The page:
Maurits Escher, who gave the world amazing paintings of “impossible reality”, was one of the most famous artists of the imp-art direction. His works were far from always understood by the public, for which they were repeatedly criticized. However, the creations of the ingenious graphic artist, no doubt, belong to the elite art, ambiguous, but always arousing interest.
Escher’s engraving “Waterfall” is the most famous creation of the master, quite often quoted, and illustrations with his image can be found even in mathematical textbooks. It is noteworthy that Maurits Escher himself was never a brilliant connoisseur of the exact sciences, either in his youth or in a more mature age. Geometry was not given to him, as, by the way, drawing was not given either – at least in these subjects he received mediocre grades. Nevertheless, Escher had a talent for painting. Subsequently, he graduated from the School of Decorative Arts in Haarlem and came to grips with what attracted him most: graphics, in particular, woodcuts, metal, linoleum.
The painting “Waterfall” is made in the technique of lithography – a technique of flat printing, in which the image is transferred from stone to paper. This work was painted by Escher in 1961, when the artist for more than a dozen years preferred to create works containing complex geometric shapes. Engraving, on the other hand, as a way of obtaining an image, interested him from his youth: some researchers of the artist’s work believe that his love for creating identical prints and repeating drawings began to form in him already at that time.
Escher Maurits drew his “Waterfall” based on the Penrose triangle – one of the main impossible figures about which the famous mathematician Roger Penrose wrote an article in 1958. Thus, Escher, who was never a physicist or mathematician, most of his life was associated with these sciences and those who dealt with them professionally. He himself said that he should consider himself more a scientist than an artist.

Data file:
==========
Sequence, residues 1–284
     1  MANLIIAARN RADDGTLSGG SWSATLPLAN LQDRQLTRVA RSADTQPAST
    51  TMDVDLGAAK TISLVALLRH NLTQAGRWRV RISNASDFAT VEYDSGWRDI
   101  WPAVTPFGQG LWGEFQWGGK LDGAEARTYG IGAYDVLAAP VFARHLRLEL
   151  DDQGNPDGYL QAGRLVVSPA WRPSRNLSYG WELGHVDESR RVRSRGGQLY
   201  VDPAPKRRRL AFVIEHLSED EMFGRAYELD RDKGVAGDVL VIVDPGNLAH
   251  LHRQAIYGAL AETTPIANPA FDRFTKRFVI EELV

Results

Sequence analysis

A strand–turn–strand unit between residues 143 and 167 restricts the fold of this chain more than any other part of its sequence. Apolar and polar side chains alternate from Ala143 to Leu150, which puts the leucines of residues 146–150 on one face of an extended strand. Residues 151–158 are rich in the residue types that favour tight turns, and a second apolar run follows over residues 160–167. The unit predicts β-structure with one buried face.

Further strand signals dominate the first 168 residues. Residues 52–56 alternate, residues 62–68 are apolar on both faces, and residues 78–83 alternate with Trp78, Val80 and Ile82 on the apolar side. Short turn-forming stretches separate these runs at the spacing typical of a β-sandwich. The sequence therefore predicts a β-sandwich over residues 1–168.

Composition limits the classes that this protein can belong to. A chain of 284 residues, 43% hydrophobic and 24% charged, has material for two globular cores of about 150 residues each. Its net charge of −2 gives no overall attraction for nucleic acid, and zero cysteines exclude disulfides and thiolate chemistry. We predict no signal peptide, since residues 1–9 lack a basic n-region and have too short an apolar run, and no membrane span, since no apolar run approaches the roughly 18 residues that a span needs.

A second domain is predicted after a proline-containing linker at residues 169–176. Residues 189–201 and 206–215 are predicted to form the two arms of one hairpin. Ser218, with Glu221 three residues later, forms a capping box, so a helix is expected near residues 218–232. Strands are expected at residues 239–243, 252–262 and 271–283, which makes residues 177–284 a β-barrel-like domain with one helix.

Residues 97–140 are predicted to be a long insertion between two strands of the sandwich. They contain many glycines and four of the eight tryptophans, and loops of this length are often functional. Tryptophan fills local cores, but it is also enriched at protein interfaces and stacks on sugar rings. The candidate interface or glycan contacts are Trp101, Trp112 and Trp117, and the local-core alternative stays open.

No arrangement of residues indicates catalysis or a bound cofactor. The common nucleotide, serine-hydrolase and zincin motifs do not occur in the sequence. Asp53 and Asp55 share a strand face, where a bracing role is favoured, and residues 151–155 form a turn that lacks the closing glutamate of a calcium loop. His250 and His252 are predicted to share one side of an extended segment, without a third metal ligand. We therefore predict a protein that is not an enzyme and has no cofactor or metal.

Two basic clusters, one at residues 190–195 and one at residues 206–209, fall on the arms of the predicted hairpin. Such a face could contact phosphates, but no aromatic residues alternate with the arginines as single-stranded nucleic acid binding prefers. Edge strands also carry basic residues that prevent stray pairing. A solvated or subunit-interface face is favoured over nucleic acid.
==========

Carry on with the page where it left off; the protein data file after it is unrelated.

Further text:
Composition based on the painting by Maurits Escher “Waterfall”
Distorted space, the logic of space deliberately violated when depicting clear geometric constructions – those features of the artist’s work that delighted mathematicians around the world and art lovers. The plot of Escher’s engraving “Waterfall” is built on them – with a cursory glance, the inaccuracies are not too noticeable, but upon closer examination, the very “impossible reality” appears, which the human brain is unable to perceive. Following the lines with your eyes, it is impossible to see what exactly the impossibility of the existence of such structures consists in, however, when considering the whole picture as a whole, the inconsistencies are obvious.
In the painting Waterfall, the artist depicted two towers, which are two connected Penrose triangles. Between them is a mill wheel, which sets in motion, in fact, the waterfall. It is assumed that the water spins the wheel, rushing down from the topmost tower. Judging by the figure, the same wheel directs the water upward in a circle, which is impossible given the current laws of physics. The painting “Waterfall” illustrates a non-existent perpetual motion machine.
As for the rest of the details, they are all depicted with perspective distortion. The towers, at first glance, are the same in height, upon close examination they are not. The entire plane along which the water flows seems to be horizontal or inclined, depending on the direction of the gaze.
The effect of the impossibility of the engraving “Waterfall”, the genius creation of Maurits Escher, is enhanced by the real details depicted on it. The house on the bottom right looks quite normal, apart from the quirkiness of the architecture, there is nothing strange in the appearance of a woman either. Only the plants located in the lower left corner are amazing in shape and size.
Currently, the brilliant work is in The Hague. Here is the Escher Museum, whose permanent collection includes the most famous works of the artist.
Year of painting: 1961.
The size of the painting: 38.1 × 29.9 cm.
Writing technique: lithography.
Gallery: National Gallery of Art, Washington, USA.